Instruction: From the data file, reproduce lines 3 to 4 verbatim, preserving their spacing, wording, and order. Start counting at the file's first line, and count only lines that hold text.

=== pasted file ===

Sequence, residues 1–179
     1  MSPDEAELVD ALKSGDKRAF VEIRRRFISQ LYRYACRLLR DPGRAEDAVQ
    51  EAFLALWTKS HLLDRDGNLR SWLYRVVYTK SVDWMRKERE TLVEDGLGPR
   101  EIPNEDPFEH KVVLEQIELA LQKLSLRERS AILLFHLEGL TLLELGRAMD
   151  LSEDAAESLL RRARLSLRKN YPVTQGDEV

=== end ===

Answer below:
    51  EAFLALWTKS HLLDRDGNLR SWLYRVVYTK SVDWMRKERE TLVEDGLGPR
   101  EIPNEDPFEH KVVLEQIELA LQKLSLRERS AILLFHLEGL TLLELGRAMD